- Alcohol producers, including distillers, brewers, and wineries and their subsidiaries
- Alcohol distributors, wholesalers, and retailers whose primary income comes from trade in alcohol products
- Alcohol trade associations whose principal mission is to further the business interests of alcohol producers, distributors, wholesalers, or retailers
- Non-profit public service organizations that receive the majority of their funds from alcohol interests, either directly or indirectly
Beverage alcohol advertising should not:
- Portray or encourage drinking by individuals under the age of 21
- Feature actors, models or other talent or characters under the age of 30
- Be broadcast to audiences with less than 90% adult aged 21 and older viewership
- Feature on-camera consumption
- Use celebrities, music stars, athletes, animals, cartoon characters, or other language or images that appeal to youth
- Depict sports, rock concerts, or other events with strong appeal to youth
- Target spring break activities or cultural, sporting or marketing events where it can be anticipated that more than 30% of the audience will be made up of people under the age of 21
- Include the licensing of youth-oriented clothing or toys that feature alcohol brand names, logos, or trade characters
- Portray or encourage drinking by pregnant women or women seeking to become pregnant
- Model, suggest, or otherwise encourage heavy consumption
- Promote underage drinking as a "rite of passage"
- Portray or encourage drinking by alcoholics or other groups particularly vulnerable to alcohol. State or imply that any level of alcohol consumption is risk-free or safe
- Associate alcohol consumption with high-risk activities or with situations that require alertness
- Depict revelry or hint at the possibility of inebriation
- Portray drinking as a means to achieve popularity or social acceptance, enhance sex appeal, obtain personal achievements, improve social or financial status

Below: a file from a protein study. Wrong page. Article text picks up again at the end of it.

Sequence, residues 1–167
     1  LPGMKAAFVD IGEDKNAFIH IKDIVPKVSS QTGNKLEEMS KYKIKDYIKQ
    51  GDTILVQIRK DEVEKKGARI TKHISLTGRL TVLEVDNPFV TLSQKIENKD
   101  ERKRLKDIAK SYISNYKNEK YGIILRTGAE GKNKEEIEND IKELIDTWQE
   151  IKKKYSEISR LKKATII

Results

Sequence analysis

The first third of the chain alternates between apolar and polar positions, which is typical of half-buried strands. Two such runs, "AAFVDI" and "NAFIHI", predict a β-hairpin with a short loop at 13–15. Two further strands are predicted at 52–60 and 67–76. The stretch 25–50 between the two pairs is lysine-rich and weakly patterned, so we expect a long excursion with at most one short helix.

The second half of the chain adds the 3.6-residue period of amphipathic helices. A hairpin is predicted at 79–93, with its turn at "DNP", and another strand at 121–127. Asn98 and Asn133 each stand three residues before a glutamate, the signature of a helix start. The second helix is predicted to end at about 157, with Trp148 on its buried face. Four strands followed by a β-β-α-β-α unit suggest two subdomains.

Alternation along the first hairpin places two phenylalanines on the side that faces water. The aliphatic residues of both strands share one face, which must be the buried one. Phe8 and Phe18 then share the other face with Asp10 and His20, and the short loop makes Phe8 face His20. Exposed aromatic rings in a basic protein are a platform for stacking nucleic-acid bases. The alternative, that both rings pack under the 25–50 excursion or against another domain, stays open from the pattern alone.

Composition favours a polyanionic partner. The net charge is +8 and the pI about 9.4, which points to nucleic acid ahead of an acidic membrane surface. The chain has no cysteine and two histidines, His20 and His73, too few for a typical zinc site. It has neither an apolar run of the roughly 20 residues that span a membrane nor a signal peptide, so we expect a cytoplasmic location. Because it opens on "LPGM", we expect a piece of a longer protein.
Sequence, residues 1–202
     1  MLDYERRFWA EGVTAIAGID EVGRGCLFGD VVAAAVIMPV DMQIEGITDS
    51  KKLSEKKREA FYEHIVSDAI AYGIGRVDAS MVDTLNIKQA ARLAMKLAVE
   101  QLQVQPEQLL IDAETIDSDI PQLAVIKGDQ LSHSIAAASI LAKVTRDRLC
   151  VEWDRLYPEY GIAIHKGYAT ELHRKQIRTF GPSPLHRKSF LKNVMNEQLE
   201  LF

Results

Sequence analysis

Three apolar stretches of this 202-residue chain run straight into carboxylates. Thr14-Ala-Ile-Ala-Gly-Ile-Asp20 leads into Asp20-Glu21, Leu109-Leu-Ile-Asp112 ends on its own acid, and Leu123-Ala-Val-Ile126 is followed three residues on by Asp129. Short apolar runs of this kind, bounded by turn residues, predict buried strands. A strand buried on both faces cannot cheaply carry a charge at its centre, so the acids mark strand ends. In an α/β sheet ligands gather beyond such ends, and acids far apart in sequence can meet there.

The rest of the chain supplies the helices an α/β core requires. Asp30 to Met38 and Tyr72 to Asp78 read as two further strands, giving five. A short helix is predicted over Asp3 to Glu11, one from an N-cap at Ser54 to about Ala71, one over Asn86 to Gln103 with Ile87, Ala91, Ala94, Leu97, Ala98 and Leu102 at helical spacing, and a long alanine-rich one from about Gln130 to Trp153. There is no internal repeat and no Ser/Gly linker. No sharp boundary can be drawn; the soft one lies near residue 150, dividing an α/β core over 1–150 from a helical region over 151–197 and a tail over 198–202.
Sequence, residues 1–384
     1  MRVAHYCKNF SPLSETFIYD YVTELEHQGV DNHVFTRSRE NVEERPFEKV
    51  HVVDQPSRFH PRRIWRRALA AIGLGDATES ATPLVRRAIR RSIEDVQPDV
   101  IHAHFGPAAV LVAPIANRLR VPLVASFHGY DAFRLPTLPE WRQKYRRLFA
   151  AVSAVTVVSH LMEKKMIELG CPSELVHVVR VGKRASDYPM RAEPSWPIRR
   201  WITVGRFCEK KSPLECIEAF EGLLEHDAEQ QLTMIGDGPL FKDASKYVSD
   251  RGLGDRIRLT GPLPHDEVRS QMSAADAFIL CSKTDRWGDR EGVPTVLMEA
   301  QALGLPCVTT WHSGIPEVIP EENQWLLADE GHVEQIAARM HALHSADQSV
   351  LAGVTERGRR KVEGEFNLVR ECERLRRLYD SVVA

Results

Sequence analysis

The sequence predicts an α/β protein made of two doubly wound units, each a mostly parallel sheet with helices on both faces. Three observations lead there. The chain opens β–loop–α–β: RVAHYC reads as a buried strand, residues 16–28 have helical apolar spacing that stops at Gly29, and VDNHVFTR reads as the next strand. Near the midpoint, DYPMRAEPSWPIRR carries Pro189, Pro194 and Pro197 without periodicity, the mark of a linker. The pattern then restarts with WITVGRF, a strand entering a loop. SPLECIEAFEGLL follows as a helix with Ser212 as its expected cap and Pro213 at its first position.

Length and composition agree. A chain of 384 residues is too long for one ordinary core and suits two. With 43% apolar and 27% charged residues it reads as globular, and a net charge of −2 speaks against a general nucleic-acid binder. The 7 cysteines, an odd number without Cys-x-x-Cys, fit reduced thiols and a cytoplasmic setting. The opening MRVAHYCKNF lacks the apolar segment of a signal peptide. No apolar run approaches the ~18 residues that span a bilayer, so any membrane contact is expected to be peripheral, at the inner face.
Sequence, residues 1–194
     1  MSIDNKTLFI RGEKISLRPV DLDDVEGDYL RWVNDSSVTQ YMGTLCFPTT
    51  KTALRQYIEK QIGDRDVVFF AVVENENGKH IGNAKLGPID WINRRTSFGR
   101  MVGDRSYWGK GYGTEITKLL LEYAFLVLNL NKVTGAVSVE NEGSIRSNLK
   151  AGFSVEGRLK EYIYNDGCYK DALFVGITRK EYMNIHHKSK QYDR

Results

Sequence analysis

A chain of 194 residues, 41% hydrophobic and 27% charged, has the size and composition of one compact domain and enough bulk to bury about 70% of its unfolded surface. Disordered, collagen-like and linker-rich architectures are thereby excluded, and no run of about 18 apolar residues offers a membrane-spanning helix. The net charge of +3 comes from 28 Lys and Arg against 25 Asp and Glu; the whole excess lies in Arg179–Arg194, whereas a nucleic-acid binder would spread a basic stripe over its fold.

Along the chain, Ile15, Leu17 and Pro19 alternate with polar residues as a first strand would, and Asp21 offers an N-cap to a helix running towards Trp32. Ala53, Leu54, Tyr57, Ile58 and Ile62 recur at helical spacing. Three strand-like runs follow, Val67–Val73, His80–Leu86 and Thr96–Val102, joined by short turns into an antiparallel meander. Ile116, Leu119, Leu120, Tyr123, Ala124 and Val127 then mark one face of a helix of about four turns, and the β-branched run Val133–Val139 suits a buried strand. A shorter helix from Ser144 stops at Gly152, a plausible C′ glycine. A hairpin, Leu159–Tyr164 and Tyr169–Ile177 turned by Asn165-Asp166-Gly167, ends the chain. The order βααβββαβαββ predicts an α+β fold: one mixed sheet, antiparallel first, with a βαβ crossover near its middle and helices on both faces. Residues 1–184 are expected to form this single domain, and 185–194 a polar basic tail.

- Portray drinking as a means to relieve stress or provide solutions to problems
- Portray drinking in association with sexual passion, promiscuity, or any other amorous activity as a consequence of or in association with alcohol consumption
- Disproportionately target ethnic minority communities
Because of MADD's position on underage drinking and because of the role underage drinkers play in the problem of alcohol impaired driving, MADD is rightly concerned about the manner in which alcohol products are packaged for sale. Accordingly, MADD issues the following set of standards to guide the packaging of beverage alcohol products and authorizes the National Office to identify and bring to public attention examples of product packaging that violate these standards.
1) Food or beverage products containing alcohol should not be sold in packaging that
a) resembles or could be mistaken for standard packaging for non-lcoholic products, or
b) serves to misrepresent or otherwise create confusion about the amount of alcohol these products contain.
2) Alcohol content information for all food and beverage products containing alcohol should be presented on product labels and packaging in a non-promotional manner that truly informs the consumer as to the products' actual alcohol content.
Alcohol content should be expressed in terms of unit service size, defined as the amount of alcohol contained in a "standard drink." The number of drinks contained should be rounded to the nearest quarter drink.
A "standard drink" should be defined as a serving of malt beverage, wine, or distilled spirit that contains .56 ounces of alcohol by volume, equivalent to 12 ounces of regular beer, 5 ounces of wine and 1.5 ounces of distilled spirits (80 proof).
Privatization of State Alcohol Sales
MADD supports the retention of government control of retail alcoholic beverage sales in jurisdictions considering transfer of such control to the private sector. An analysis of 17 peer-reviewed studies conducted by the Centers for Disease Control and Prevention (CDC) was reported in The Guide to Community Prevention Services (April 2012). The CDC concluded that privatization of alcohol sales will result in a reduction in the enforcement of sales regulations including enforcement of the minimum legal drinking age.
Therefore, policies or legislation transferring state alcohol control to private control are counter to MADD’s mission of eliminating drunk driving and preventing underage drinking.